Resolving the position of free roaming robots can be quite challenging. You can only expect to get accuracy of around 6 to 10 meters by using a standard low-cost GPS system and that can be further downgraded by poor signal strength inside buildings. Bluetooth and WiFi positioning can achieve 1 to 5 metres resolution but that’s often not enough. The Pozyx system has been developed to achieve a positional accuracy of 10 cm and works indoors or outdoors.
Four ‘Anchor’ transceiver units attach to walls or fences surrounding the space in which the Pozyx Shield operates. Communication between the shield and the four anchors allows the shield to determine its position and orientation within its operational area.
Pozyx shield gives position – [Link]
A LOT OF POWER IN A TINY FOOTPRINT.
Smaller than a standard playing card, the DragonBoard™ 410c packs a lot in a tiny footprint, including a quad-core 1.2Ghz Snapdragon 410 processor, 1GB RAM, 8GB eMMC storage, Wifi, GPS, and Bluetooth.
A PLATFORM BUILT FOR ANY PROJECT
The DragonBoard™ 410c offers a fully integrated solution of hardware and software that is designed to erase technical limitations and offer unparalleled versatility for any project.
READY TO INSPIRE LIMITLESS POSSIBILITIES
The DragonBoard™ 410c was designed to inspire the limitless possibilities of your imagination. Don’t be afraid to think big.
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DragonBoard™ 410c – The Dragon Is Coming – [Link]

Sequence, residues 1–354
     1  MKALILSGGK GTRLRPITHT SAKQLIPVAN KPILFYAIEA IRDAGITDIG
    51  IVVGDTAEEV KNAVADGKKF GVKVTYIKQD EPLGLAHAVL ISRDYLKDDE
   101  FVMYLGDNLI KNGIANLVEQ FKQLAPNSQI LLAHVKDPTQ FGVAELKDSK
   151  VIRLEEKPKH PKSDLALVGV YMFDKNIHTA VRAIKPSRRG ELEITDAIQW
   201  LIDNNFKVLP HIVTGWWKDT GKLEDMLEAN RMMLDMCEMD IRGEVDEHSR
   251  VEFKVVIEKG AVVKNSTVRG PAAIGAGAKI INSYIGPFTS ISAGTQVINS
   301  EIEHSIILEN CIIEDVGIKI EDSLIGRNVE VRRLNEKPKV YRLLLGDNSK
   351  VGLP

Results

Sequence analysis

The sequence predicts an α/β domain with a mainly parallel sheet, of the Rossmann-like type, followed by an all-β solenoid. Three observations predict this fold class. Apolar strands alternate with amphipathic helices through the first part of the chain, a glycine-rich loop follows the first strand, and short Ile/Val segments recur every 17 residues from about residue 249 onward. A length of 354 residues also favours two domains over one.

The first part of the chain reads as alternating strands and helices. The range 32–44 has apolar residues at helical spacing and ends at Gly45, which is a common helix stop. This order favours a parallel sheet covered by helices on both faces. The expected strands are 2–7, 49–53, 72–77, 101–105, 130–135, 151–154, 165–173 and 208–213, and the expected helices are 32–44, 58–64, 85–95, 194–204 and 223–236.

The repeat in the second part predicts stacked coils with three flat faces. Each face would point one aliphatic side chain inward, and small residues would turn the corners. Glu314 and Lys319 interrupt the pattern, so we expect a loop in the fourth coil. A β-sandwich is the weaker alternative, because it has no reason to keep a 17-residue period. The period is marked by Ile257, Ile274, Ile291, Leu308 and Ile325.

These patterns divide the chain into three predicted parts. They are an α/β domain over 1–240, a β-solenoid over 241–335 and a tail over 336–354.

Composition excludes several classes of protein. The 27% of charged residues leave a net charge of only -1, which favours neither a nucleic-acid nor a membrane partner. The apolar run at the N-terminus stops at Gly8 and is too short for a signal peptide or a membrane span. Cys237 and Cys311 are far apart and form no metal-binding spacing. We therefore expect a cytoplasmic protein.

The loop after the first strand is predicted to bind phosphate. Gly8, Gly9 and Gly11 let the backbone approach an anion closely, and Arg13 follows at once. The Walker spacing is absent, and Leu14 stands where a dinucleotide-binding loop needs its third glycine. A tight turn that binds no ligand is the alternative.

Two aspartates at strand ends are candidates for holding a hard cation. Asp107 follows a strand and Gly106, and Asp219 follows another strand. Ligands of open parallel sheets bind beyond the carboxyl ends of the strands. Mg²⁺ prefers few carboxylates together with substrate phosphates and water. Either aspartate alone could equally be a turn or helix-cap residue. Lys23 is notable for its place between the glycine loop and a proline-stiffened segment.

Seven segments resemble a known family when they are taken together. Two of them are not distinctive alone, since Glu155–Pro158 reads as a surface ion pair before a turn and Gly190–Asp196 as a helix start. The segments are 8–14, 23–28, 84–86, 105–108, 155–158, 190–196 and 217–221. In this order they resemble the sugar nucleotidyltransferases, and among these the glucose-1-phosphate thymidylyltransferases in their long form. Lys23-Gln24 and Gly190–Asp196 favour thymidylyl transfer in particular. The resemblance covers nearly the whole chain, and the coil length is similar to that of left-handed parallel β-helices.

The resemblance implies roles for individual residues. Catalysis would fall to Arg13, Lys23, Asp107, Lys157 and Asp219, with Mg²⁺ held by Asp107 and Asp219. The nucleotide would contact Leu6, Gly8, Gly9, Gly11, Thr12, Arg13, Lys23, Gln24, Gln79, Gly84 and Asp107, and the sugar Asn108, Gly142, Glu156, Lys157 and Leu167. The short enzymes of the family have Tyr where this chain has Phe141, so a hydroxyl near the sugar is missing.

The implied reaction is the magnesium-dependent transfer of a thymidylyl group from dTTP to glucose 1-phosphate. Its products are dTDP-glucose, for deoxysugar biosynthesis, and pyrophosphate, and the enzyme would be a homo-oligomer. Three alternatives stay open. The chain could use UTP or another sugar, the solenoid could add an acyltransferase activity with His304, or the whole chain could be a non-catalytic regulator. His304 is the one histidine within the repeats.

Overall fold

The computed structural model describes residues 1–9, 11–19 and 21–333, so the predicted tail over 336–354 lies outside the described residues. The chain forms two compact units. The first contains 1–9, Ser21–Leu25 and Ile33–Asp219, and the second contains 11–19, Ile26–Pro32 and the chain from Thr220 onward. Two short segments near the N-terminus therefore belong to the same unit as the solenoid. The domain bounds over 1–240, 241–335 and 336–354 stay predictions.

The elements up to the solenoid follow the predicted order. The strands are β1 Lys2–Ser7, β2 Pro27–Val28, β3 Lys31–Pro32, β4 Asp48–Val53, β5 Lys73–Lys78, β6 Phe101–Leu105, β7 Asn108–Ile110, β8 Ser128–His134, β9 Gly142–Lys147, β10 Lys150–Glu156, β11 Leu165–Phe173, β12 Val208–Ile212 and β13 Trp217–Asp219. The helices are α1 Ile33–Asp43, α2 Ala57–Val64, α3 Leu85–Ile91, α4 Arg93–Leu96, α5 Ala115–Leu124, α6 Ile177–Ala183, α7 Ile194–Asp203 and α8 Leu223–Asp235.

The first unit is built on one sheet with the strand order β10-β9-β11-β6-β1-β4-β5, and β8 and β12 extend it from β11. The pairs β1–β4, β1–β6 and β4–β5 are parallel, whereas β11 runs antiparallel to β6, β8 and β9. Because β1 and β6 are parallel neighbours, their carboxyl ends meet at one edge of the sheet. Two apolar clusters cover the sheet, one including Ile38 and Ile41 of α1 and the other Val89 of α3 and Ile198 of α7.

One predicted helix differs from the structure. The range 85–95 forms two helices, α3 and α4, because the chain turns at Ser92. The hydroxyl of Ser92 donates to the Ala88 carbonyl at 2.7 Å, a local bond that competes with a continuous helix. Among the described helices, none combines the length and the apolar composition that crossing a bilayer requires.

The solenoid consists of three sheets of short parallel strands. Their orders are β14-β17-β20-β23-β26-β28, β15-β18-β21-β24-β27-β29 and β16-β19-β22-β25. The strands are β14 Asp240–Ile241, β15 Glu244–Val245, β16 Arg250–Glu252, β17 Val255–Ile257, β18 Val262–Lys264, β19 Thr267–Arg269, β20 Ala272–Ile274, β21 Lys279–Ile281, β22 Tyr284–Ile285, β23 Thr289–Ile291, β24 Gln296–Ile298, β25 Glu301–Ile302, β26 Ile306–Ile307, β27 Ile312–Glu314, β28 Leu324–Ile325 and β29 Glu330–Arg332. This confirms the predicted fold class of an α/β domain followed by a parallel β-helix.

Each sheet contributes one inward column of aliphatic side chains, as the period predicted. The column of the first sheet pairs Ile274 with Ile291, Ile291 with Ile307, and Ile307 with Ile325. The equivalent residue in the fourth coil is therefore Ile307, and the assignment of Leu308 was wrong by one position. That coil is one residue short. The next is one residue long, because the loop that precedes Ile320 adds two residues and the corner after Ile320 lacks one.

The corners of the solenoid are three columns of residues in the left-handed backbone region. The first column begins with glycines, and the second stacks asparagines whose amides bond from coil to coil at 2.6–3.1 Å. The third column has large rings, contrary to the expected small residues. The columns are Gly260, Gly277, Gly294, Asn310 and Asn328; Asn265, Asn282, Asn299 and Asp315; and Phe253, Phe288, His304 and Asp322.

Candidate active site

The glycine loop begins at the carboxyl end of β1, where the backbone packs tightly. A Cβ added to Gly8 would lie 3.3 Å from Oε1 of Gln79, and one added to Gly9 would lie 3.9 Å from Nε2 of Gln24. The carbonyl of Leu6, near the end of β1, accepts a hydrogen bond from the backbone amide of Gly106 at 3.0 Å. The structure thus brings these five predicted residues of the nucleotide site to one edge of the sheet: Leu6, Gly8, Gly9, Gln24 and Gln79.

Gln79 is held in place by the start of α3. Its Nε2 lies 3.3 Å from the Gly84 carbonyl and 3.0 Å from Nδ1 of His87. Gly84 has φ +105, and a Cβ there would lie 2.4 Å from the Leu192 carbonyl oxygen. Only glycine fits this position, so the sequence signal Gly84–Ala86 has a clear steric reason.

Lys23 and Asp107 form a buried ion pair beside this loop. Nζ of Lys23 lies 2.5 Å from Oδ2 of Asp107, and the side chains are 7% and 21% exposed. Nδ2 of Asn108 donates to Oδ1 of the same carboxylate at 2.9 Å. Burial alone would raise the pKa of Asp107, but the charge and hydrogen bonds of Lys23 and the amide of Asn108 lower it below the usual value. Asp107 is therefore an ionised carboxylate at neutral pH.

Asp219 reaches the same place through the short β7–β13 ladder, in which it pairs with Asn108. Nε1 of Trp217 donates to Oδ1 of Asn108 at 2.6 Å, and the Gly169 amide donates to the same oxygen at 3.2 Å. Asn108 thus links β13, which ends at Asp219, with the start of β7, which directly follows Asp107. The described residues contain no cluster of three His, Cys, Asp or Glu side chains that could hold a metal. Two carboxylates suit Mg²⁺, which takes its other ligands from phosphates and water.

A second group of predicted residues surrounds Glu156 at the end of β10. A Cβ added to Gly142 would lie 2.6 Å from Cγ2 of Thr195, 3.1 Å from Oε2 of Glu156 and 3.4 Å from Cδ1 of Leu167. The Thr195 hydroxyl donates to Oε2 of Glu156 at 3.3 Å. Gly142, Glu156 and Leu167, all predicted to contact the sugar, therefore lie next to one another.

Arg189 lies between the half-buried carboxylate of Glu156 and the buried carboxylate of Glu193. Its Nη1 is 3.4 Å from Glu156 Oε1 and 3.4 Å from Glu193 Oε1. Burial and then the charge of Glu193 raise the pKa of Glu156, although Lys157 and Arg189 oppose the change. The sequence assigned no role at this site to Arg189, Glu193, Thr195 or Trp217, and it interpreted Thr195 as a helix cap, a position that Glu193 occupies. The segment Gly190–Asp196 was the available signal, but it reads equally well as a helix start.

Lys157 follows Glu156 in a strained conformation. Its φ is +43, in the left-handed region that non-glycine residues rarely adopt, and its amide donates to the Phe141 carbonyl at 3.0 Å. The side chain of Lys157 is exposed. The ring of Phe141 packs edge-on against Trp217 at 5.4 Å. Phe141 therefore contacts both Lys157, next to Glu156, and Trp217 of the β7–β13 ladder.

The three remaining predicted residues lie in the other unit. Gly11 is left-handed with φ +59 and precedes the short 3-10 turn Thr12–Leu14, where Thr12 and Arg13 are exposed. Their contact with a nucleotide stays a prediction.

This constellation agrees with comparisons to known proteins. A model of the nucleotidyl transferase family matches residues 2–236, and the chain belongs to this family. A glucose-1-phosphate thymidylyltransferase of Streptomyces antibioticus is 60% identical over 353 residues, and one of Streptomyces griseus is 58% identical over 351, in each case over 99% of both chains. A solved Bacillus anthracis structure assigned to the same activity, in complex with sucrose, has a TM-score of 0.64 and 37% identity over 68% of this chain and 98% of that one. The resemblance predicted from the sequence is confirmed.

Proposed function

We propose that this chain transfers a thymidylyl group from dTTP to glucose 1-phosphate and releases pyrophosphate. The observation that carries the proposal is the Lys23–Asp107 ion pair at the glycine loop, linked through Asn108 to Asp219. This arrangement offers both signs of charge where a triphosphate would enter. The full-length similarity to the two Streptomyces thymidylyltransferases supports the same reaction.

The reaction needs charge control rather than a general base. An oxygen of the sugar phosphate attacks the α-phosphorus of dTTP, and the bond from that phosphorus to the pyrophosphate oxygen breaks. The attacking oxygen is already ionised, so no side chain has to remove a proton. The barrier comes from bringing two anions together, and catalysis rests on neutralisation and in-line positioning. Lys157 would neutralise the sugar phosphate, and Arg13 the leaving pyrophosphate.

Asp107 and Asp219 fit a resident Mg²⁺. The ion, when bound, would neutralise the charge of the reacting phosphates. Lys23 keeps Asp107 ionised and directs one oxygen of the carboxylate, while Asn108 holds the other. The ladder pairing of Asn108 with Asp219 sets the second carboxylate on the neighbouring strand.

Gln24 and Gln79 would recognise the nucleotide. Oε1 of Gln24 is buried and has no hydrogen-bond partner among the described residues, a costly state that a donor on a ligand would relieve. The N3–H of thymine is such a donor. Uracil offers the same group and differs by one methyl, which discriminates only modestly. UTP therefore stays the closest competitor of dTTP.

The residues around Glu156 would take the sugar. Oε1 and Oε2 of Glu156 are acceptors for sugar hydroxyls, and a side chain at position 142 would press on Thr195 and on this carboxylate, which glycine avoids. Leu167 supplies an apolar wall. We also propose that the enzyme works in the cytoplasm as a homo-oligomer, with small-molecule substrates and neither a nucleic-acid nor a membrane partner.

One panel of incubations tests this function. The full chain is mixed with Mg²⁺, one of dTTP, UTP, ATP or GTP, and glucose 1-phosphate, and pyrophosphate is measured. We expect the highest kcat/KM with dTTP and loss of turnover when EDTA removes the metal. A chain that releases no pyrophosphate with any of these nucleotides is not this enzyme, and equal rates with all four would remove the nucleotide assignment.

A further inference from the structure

by LoganP2 @ instructables.com:
The GPS tracking device is composed of a microcontroller, GPS module, cell module, and batteries all housed in a 3D printed case. The microcontroller is programmed to communicate with both the cell module and GPS module. When the GPS module is not within a user-specified boundary, the device will send a text message alert. We made a device that can track people suffering from Alzheimer’s and Dementia could greatly benefit the quality of life of both that person suffering and the caretaker.
GPS Tracker for Alzheimer’s Patients – [Link]
Positioning is an increasingly important part of an embedded design as more and more devices become mobile. Adding this capability into equipment that has to be smaller, lighter and have longer battery life is a major challenge. At the same time there are the challenges of implementing an effective wireless design with high performance and low power, while meeting the requirements of the project timeline and the certification authorities.
These challenges are being addressed by a new generation of wireless modules that are using the latest miniaturization technologies to make use of the various global positioning systems (GPS) around the world, with the footprint of GPS modules falling dramatically over the last few years.
The Miniaturization of GPS Systems – [Link]
Do you often forget where you have parked your car? With the help of this project you are able to locate your car with the push of a button. It’s using a GPS module to find the location and an LCD screen to display the distance and direction of your car.
When you park your car, you press the button, car tracker calculates the car location GPS coordinates and stores them in EEPROM so the car tracker can be turned off. When you’re leaving a store looking for your car, the car tracker reads the new GPS and displays how far from your car you are and points in the direction of your car.
CarTracker – GPS Car locator – [Link]
Ugifer wrote this instructable detailing the build of his Arduino based high-altitude balloon tracker:
The tracker is based upon the Atmel ATMeag328 Microcontroller which forms the heart of many of the popular “Arduino” boards. We are going to make an “Arduino Compatible” board which we can program using the Arduino IDE.